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By Censoring Its Atheist Society, South Bank Student Union Is Failing to Protect Its Students' Rights

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In a move beyond parody, London South Bank University's Student Union removed posters from its Atheists Society depicting a god on the grounds that they were offensive. The god in question was the Flying Spaghetti Monster, a deity invented as satire in protest against the teaching of Intelligent Design in Kansas; a god that, quite literally, nobody believes in.

It's hard to hear this and not laugh but this is the funny tip of a very serious iceberg - universities are increasingly turning to silencing atheist and Humanist students for fear of upsetting religious sensibilities. In banning images of the Flying Spaghetti Monster, we are seeing simply the logical conclusion of cowardice.

Students' unions have a duty to protect the rights of their students, not their students' beliefs. As President of the National Federation of Atheist, Humanist and Secular Student Societies, I've seen a 2013-14 academic year in which this principle has been too often forgotten. Just weeks ago our members in the LSE finally received an apology from their university for sending ten security guards to their stall when they wore t-shirts showing "Jesus and Mo" cartoons, an apology significantly motivated by the threat of legal action. In December we saw guidance from the Vice-Chancellors' body Universities UK that said an external religious speaker could insist that his audience be segregated by gender, his own beliefs taking priority over the rights of students to sit where they wish on campus. It took an intervention from the Equalities and Human Rights Commission to force UUK to withdraw its guidance.

Campus censorship benefits no one but fundamentalists. The freedom to criticise beliefs should be just as important to religious students as it is to the non-religious. After all, any religious belief could be considered blasphemous in another religion. Should Muslims students be prevented from saying that Jesus was a prophet, if that offends Christians who call him God? Or should Christians be prevented from calling Jesus a god if this offends Muslims? Or perhaps it's better to ban all mention of Jesus, just to be safe? Free speech for all, religious and non-religious, is best secured by secular public spaces, spaces that are neutral on religion and belief. Our freedoms are all interconnected.

South Bank's Atheist Society are no stranger to hostility from their students' union. When they were formed last year and affiliated to their union, they were accepted only on the condition that they didn't criticise religion or hold debates with religious groups, which is as absurd as telling the Socialist Society to steer clear of critiquing capitalism. Despite hopes that a new academic year would bring a more reasonable union committee, the group has faced constant opposition. Since the start of their first term, they have seen their posters torn down and stamped on the day they are put up, including posters simply showing Brian Griffin, Family Guy's atheist talking dog. I attended a meeting last term at which their union accused them of picking on Christians for a poster stating, "We may not be able to turn water into wine but we do like wine, join us in the bar next Thursday".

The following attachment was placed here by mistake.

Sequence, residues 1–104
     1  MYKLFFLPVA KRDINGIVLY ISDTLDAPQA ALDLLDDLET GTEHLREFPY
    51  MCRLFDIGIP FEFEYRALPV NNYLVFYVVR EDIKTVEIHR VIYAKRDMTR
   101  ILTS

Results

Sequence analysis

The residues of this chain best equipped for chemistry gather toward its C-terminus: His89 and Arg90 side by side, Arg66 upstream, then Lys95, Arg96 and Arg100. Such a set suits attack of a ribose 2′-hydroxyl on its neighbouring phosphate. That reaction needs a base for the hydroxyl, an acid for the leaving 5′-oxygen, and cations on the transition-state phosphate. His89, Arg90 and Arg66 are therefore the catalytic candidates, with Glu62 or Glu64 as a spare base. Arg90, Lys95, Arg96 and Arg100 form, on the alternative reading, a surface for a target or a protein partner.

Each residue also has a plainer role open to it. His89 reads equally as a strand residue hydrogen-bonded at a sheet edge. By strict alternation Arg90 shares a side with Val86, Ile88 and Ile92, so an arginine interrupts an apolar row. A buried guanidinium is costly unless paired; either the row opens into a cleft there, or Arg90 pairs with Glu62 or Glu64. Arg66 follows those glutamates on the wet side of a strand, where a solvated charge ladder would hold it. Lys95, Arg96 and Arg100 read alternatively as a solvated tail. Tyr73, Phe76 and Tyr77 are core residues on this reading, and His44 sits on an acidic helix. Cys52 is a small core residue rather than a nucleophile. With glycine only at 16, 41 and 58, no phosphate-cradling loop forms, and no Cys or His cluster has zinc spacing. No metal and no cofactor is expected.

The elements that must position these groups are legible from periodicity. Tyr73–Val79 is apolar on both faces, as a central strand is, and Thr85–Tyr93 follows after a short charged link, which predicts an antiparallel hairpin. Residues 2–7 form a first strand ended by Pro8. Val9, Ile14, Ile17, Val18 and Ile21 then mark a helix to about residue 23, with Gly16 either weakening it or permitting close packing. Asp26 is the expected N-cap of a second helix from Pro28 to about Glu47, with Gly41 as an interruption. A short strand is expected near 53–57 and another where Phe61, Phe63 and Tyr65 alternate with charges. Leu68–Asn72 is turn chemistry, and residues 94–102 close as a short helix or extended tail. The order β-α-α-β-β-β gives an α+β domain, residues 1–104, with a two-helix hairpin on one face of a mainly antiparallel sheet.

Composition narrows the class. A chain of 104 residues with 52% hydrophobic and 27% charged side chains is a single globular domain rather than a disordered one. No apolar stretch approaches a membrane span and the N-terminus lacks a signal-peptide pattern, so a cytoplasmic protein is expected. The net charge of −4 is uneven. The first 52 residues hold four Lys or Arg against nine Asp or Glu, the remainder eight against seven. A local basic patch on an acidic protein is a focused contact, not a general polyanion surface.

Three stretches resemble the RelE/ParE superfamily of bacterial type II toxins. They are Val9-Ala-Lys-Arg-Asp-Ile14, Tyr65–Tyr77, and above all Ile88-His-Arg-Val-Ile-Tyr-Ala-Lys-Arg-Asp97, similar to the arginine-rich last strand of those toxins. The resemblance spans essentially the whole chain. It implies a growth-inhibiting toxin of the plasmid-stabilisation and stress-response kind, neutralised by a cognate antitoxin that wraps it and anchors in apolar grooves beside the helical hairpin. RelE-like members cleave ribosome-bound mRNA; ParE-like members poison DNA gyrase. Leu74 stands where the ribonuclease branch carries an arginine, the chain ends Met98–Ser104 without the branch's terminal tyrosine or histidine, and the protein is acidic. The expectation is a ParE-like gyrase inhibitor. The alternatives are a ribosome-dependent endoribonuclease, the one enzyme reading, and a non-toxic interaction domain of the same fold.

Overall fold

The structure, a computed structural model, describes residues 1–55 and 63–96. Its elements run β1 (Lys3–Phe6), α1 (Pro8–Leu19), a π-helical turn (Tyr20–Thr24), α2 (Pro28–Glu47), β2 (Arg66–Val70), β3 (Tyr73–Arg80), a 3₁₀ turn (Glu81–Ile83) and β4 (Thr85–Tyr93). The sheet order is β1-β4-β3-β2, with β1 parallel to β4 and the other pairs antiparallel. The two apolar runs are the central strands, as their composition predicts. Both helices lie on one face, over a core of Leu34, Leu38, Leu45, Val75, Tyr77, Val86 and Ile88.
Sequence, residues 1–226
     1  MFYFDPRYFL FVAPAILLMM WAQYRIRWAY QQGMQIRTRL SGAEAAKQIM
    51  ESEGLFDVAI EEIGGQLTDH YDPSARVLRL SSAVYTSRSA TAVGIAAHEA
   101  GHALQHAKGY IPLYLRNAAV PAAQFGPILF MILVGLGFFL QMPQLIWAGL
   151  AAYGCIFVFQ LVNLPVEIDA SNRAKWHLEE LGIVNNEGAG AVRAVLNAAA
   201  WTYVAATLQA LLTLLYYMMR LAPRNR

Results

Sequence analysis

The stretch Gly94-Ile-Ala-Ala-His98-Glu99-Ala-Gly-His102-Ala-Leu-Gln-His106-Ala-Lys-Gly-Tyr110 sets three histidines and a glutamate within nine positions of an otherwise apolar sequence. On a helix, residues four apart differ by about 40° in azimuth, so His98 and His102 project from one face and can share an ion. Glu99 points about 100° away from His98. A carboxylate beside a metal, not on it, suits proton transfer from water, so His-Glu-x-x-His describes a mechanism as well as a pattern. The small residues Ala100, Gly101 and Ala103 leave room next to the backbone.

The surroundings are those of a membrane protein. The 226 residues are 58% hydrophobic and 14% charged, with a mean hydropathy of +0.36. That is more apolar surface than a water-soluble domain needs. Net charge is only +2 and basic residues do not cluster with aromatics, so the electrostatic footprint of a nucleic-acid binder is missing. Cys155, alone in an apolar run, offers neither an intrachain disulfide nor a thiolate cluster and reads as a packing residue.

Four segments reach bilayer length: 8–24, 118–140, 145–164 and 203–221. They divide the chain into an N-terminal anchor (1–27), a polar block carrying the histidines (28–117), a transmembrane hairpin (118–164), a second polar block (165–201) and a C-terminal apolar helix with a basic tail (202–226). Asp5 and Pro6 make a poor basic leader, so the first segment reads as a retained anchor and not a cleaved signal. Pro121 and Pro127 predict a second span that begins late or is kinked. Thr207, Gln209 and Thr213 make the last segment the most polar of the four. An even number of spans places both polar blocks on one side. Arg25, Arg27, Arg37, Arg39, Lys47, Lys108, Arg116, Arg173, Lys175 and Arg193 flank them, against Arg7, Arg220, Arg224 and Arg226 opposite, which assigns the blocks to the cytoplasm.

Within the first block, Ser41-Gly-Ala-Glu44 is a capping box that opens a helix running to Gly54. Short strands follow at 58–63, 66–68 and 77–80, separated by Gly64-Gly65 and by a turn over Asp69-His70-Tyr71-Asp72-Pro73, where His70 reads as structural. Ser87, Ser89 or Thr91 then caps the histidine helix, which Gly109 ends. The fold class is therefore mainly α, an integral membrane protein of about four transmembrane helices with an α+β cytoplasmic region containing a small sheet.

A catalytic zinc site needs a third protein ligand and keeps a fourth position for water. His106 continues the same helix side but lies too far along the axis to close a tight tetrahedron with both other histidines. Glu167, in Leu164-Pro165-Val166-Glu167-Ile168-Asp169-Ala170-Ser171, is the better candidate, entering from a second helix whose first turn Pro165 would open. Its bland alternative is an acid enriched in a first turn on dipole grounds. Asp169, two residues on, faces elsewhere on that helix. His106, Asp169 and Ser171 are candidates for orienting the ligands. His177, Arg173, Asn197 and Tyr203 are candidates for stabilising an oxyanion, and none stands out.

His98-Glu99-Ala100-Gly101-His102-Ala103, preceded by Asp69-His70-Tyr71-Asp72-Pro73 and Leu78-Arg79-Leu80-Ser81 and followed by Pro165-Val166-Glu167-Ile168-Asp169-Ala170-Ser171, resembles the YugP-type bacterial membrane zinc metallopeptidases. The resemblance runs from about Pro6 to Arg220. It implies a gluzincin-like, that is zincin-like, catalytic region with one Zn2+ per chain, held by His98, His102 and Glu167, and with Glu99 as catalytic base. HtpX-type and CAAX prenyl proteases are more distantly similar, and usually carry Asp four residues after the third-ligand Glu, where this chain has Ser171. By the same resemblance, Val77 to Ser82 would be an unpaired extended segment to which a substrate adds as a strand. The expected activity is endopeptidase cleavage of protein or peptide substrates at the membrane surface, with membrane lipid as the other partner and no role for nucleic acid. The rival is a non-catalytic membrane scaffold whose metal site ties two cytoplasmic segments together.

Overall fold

As the society's president Cloe Ansari told me, "I felt harassed and intimidated - it was not aimed at protecting other students from harm but an attempt to sideline and restrict our rights; perhaps perceived as the easier option rather than standing up to the much bigger religious societies. Rather than included, we have been made to feel as an unwelcome minority of secularists".

The ultimate irony of these attacks on free speech is that they so often only give a louder voice to their targets. The LSE Union's attempt at censoring students' t-shirts lead to those same students being invited onto the BBC's Big Questions, wearing those same t-shirts. South Bank's Atheist Society's pasta posters are now on blogs right across the country. These Students' Unions need to reevaluate their priorities. Beliefs, not least at a university, must be open to scrutiny.

The Flying Spaghetti Monster was dreamt up to poke fun at the absurdities of religious privilege, with one of His Noodliness' Austrian followers winning the right to wear a colander on his head in his driving licence photo. In rushing to censorship, students' unions are making themselves the butt of this joke. More importantly, they are failing in their duty to protect their students' rights. Gods don't need students' unions to look out for them, students do.

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'Spaghetti Monster' poster banned for being offensive to religion